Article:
CFF – all about Nic

It is less than 3 months to the Cheshire Fibre Festival and between now and then I will be providing lots of information about the event.  First is an introduction to one of the vendors, and my co-organiser, Nic.  But rather than me introducing her she’s taking over the blog today – so make a cuppa, sit back and read all about Nic, by Nic!


Hello, I’m Nic and I’m the one woman whirlwind and dyeing ninja behind Yarns From The Plain . The aim of today’s post is to introduce myself as one of the vendors and co-organiser of the Cheshire Fibre Festival, but sometimes it’s hard to know where to start with these things. My first forays into knitting and crochet? My biggest successes? My most horrendous failures? My wide and varied career before all this? What happened to lead me here? After all, Valerie wants to keep her readers entertained, not send them into a catatonic state…

So, to help me organise the stream of consciousness that is my life, I thought I would use some subheadings (after all, I always used to tell my pupils to have a structure).

First steps

I can’t ever remember learning to knit, but Mum and I both assume she taught me. I remember making things with holes in for a long time. I also remember two squares I made for Brownies that were to go towards Oxfam blankets – probably for Cambodia. I remember those in bright yellow and blue. My date pointed out they were Oxford United colours. I also made Big Ted his own version of a Dr Who scarf and when I found it in my parents’ loft several years ago, I was quite impressed with my consistent tension.

Big Ted
Big Ted

Crochet is easier – I distinctly remember being taught by Mrs Crowdy in the Craft Room at Thame Summer Playscheme one year. She taught me how to make granny squares with half trebles (although I thought they were called trebles). I seem to remember wanting to make a tabard with them (sorry, but I was a child of the 70s) and for the best part of 30 years, that was the extent of my crochet. Seriously. In fact, I wasn’t really sure about how to fasten off neatly enough for a finished edge, so I started one granny square around about 1985 and just kept adding onto it, sporadically over the years until it was 6’6” across. I still wasn’t finished, but about 10 years ago I decided I was being ridiculous, and got it out of the bag and threw it onto the chair I was sitting in at the time.

Career Path

My first degree is in Chemistry and I started out as a Graduate Trainee Commissioning Officer in the nuclear industry in West Cumbria. That involved a lot of writing Operating Instructions, Emergency Instructions, training of Control Room Operators and some scrambling around five stories of scaffolding checking pipework. After four years I took voluntary severance and retrained as a Primary Teacher, relocating to Manchester and then Cheshire, where I’ve lived for the last 20 years. Throughout that tine, I have continued to make things – cross stich kits, soft toys, cards; always making. About 10 years ago I knitted a fun fur scarf and then at the end of that year I made a baby blanket for a colleague, realised it was reducing my stress, and haven’t stopped since.

Beyond needles and hooks

On one trip to a wool show I bought a drop spindle. It took me a long time to get spinning with it, but finally it broke through and my parents bought me a wheel for my 40th birthday. I love spinning! And all that glorious fluff! Of course, I then was always looking for the perfect colour to work with. I went on a one day dyeing course and enjoyed that, bought some materials and promptly put them away (story of my life!)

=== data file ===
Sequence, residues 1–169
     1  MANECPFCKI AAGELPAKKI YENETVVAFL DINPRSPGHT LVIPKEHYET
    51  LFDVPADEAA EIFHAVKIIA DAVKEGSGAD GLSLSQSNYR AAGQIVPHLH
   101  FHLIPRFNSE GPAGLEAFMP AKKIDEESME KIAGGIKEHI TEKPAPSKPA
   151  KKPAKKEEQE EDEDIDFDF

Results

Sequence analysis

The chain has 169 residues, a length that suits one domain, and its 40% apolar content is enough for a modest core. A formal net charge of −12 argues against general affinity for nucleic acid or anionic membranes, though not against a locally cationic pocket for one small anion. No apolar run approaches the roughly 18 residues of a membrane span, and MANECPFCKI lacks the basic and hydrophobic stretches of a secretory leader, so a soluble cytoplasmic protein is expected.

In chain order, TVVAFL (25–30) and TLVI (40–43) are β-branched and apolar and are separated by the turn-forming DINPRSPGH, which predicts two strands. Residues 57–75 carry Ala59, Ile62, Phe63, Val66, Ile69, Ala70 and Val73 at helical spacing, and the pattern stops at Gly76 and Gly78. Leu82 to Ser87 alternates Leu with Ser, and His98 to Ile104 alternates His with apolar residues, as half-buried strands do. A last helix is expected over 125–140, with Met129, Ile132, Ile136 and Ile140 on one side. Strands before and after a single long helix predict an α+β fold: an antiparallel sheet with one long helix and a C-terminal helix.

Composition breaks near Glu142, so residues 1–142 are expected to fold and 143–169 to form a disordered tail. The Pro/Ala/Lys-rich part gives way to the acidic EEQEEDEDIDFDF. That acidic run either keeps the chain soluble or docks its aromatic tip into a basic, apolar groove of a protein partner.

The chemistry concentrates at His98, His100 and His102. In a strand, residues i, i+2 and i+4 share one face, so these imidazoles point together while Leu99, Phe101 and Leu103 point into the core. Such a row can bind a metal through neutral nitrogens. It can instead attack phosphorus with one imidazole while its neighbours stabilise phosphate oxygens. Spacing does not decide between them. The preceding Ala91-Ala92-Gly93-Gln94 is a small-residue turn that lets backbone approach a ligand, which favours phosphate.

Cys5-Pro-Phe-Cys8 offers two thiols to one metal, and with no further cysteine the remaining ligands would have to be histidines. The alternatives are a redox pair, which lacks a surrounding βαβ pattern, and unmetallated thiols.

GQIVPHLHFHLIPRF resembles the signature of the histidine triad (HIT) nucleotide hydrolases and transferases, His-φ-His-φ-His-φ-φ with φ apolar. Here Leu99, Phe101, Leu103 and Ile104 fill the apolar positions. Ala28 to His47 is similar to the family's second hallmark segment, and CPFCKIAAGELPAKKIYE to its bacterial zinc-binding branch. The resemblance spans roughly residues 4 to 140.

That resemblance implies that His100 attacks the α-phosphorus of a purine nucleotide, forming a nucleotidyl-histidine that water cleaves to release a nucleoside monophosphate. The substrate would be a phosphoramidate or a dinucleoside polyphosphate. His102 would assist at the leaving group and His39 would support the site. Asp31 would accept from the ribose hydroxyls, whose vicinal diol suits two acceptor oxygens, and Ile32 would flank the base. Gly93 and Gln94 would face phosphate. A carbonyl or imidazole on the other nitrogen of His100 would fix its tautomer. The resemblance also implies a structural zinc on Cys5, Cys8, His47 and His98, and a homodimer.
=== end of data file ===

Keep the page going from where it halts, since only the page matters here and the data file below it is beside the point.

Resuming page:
In 2012, I got involved in the Woolsack project, making cushions out of wool from British reared animals to give to any home or visiting Olympian that wanted them. I knitted, crocheted, spun, wove and felted a range of cushions, including some where I dyed fibre prior to spinning and knitting it and others where I dyed commercially available British yarn.

It was a blast, and as I worked through the project I became more and more interested in British produced yarns and fibres. It became an itch I wanted to scratch and in 2013 I tried very hard to only buy British (didn’t succeed, but almost did!) Towards the end of that year I had tried to dye some fibre and kept not quite getting the right shade. Coupled with some undyed yarn I had bought at Yarndale and then subsequently dyed, I took along a couple of boxes of my hand dyed yarn and fibre at the Spinning Guild one day. Guild members swarmed all over it like locusts!

Mobberley 4ply

From there to here

During 2014 I continued to dye small amounts of yarn and fibre in the holidays, but continued working full time in a senior leadership role in an Outstanding primary school. The start of the new academic year coincided with an amazing opportunity to apply for a part-time HNC course in Contemporary Constructed Textiles, specialising in weaving. I realised that even if the Governors agreed to let me have unpaid leave to attend once a term, I would not be able to continue with my workload and take on the additional work of my course, so I took the decision to leave at Christmas and set the business up alongside my college work.

Yarns From The Plain’s ethos

I love colour and I love British, so that is the key thing that underpins my work here. All my fibres are British or British Overseas Territory in origin. So are my yarns and I am delighted to say that currently all my yarns are prepared in Britain from British (or BOT) fibre and all but two of the twelve bases I currently have in stock are spun in the UK. Everything is done by hand at home – the dyeing, the drying, the rewinding, the labelling, the production lines when making up kits. It’s a joy, and I love my woolly life, even if I had underestimated just what a 50kg delivery of yarn would look like…

Nic x




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